If someone has accidentally or deliberately taken too much of a medication or an illicit drug, get expert advice immediately. Phone a poison control center, physician, or hospital emergency room, give what facts you can (kind and amount of drug, approximate time of taking, age and condition of patient), and follow instructions to the letter. Save the container with any remaining contents. Until medical help arrives, apply these emergency measures. Overdose by swallowing If the victim is not breathing or has no pulse and has swallowed a drug, perform cardiopulmonary resuscitation.
An ear ache is usually the sign of infection. If anyone has severe ear pain or sudden loss of hearing, get prompt medical care; delay can lead to permanent ear damage.
Pain in the outer ear may result from boils in the ear canal or from “swimmer’s ear.” The latter infection is frequent in summer; treat it with Burow’s solution or an equivalent applied four times daily. Take aspirin or another analgesic to relieve pain. See your doctor if the pain worsens or persists more than 2 days. To prevent swimmer’s ear, wear a bathing cap or Earp lugs when swimming.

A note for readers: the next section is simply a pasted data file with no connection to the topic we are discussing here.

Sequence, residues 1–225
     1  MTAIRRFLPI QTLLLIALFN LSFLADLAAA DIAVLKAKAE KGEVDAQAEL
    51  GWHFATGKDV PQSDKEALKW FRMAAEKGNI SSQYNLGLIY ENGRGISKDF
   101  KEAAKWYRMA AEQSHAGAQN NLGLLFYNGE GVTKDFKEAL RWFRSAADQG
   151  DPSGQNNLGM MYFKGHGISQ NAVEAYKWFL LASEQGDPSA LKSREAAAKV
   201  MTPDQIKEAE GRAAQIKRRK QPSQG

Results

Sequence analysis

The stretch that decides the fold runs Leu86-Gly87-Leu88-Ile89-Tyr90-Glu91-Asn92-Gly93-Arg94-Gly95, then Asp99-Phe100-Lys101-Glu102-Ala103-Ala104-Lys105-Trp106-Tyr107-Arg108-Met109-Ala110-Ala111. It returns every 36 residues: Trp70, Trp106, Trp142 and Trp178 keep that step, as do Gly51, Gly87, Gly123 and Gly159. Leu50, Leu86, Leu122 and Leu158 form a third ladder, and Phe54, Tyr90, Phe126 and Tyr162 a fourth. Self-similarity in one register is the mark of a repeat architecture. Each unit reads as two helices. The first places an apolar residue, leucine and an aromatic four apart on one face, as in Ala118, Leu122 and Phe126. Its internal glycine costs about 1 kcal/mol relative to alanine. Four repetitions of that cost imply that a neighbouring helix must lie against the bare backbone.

Eczema is a skin condition with a variety of causes. One type is called atopic dermatitis; it often runs in families with a history of hay fever or asthma. In the very young it may occur as an allergy to certain foods. Usually in any eczema, the skin is inflamed, itching, and scaly-often in patches. In a child the eczema typically appears in front of the elbows and behind the knees; in an adult, on the hands.